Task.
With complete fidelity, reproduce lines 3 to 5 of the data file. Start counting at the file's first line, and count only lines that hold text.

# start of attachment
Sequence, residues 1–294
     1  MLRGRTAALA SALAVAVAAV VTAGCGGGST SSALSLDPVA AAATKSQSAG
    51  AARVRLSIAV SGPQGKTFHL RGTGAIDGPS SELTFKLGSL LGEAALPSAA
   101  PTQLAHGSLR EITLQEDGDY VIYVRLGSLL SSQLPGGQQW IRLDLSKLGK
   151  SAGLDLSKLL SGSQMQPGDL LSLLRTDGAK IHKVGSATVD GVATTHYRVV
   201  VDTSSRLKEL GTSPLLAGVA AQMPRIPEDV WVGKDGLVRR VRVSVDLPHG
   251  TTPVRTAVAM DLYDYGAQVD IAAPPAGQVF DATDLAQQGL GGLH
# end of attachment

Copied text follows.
    51  AARVRLSIAV SGPQGKTFHL RGTGAIDGPS SELTFKLGSL LGEAALPSAA
   101  PTQLAHGSLR EITLQEDGDY VIYVRLGSLL SSQLPGGQQW IRLDLSKLGK
   151  SAGLDLSKLL SGSQMQPGDL LSLLRTDGAK IHKVGSATVD GVATTHYRVV